New petition seeks tougher sentences for hare coursers

Campaigners are seeking tougher laws against hare coursing and poaching
Campaigners are seeking tougher laws against hare coursing and poaching

A petition looking to prompt a change in law to increase sentencing for hare coursing and poaching has gathered well over 8,000 signatures.

The online campaign, uploaded on the website, says the current law surrounding the crime is 'not fit for purpose'.

It adds that criminals are 'not deterred with the small fines handed out', and that increased fines and custodial sentences are required.

Hare coursing, where dogs compete against each other in pursuit of a hare, was outlawed by the 2004 Hunting Act.

However, the devastating crime now takes place illegally without the permission of the farmer or landowner.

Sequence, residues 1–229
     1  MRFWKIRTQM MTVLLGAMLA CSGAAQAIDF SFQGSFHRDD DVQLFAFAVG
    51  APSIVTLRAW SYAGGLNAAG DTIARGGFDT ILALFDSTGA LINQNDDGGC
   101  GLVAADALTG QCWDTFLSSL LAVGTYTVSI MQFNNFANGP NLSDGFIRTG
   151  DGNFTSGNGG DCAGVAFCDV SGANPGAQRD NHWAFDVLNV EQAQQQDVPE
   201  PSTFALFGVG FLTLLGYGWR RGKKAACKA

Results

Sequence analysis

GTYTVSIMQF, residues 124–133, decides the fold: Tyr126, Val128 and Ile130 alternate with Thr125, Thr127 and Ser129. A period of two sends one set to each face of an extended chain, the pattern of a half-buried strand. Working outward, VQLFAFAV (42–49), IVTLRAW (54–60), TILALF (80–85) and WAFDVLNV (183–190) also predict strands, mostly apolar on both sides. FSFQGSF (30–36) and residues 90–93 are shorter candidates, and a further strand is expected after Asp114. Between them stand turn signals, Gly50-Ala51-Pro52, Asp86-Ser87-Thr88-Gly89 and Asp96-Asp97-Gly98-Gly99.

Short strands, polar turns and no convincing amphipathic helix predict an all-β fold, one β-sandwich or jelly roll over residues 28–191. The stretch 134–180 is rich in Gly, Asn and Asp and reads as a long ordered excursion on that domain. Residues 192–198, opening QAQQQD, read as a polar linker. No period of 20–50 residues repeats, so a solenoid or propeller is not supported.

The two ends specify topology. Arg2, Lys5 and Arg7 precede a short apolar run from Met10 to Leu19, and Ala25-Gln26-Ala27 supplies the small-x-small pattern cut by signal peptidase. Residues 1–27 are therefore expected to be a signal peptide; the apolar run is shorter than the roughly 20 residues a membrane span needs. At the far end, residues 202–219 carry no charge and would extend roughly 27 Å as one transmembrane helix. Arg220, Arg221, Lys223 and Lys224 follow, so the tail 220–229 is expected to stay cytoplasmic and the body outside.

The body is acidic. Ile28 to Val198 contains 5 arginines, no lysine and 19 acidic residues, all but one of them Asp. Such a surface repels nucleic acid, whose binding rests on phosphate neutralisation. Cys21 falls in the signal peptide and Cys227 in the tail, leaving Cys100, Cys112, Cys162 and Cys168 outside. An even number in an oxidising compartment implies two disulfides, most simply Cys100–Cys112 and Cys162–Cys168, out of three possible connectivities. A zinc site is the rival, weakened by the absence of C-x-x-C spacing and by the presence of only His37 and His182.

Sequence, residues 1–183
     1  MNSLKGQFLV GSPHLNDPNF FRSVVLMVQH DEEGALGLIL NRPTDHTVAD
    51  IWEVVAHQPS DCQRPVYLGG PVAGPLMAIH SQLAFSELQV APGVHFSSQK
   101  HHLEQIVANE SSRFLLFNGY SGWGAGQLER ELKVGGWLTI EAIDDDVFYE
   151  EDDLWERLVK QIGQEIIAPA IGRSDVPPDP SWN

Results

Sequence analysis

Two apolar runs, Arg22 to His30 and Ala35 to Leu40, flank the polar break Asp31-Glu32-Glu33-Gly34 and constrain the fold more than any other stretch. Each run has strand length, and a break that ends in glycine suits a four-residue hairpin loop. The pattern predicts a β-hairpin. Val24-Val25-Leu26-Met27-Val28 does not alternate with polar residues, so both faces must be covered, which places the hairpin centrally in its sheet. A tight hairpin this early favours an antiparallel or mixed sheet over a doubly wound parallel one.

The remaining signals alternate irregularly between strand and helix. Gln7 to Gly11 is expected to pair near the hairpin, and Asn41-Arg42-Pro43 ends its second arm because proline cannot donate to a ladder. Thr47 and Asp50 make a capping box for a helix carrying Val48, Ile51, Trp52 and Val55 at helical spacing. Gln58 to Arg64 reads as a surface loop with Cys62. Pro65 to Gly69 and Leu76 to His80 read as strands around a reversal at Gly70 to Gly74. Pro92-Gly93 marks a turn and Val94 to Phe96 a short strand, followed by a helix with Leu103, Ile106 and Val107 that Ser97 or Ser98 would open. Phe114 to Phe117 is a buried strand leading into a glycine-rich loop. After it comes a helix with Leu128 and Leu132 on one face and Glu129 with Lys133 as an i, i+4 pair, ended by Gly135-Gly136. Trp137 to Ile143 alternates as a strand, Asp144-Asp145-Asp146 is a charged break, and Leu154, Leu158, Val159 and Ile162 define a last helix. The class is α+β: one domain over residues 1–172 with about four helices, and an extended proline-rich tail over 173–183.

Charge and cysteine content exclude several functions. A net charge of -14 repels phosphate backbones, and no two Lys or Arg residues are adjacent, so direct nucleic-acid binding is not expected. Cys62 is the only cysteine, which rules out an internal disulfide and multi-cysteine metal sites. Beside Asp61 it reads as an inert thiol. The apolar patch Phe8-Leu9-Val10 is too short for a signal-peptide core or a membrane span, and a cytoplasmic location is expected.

It has also been reported that the crime sometimes involves live streaming to another location where bets often worth thousands of pounds are placed on the outcome.

The petition explains that as well as animal welfare issues, there are various other offences that occur during coursing.

"From trespass, often armed trespass, crop damage, and dangerous driving," it says, "theft and criminal damage are also linked. Intimidation and threats of violence are commonplace.

"Rural crime action teams are successful at apprehending offenders, but they are let down by the law and sentencing. There needs to be a more of a deterrent."

The petition is currently at 8,400 signatures as of Tuesday (5 January) and needs to reach 10,000 for the government to respond.

It comes as a coalition of leading rural groups seek to amend the 1831 Game Act to give enhanced powers to the police and criminal justice system in battling the crime.

The coalition say the Game Act is hindering attempts to tackle the 'devastating' impact of illegal hare coursing on the British countryside.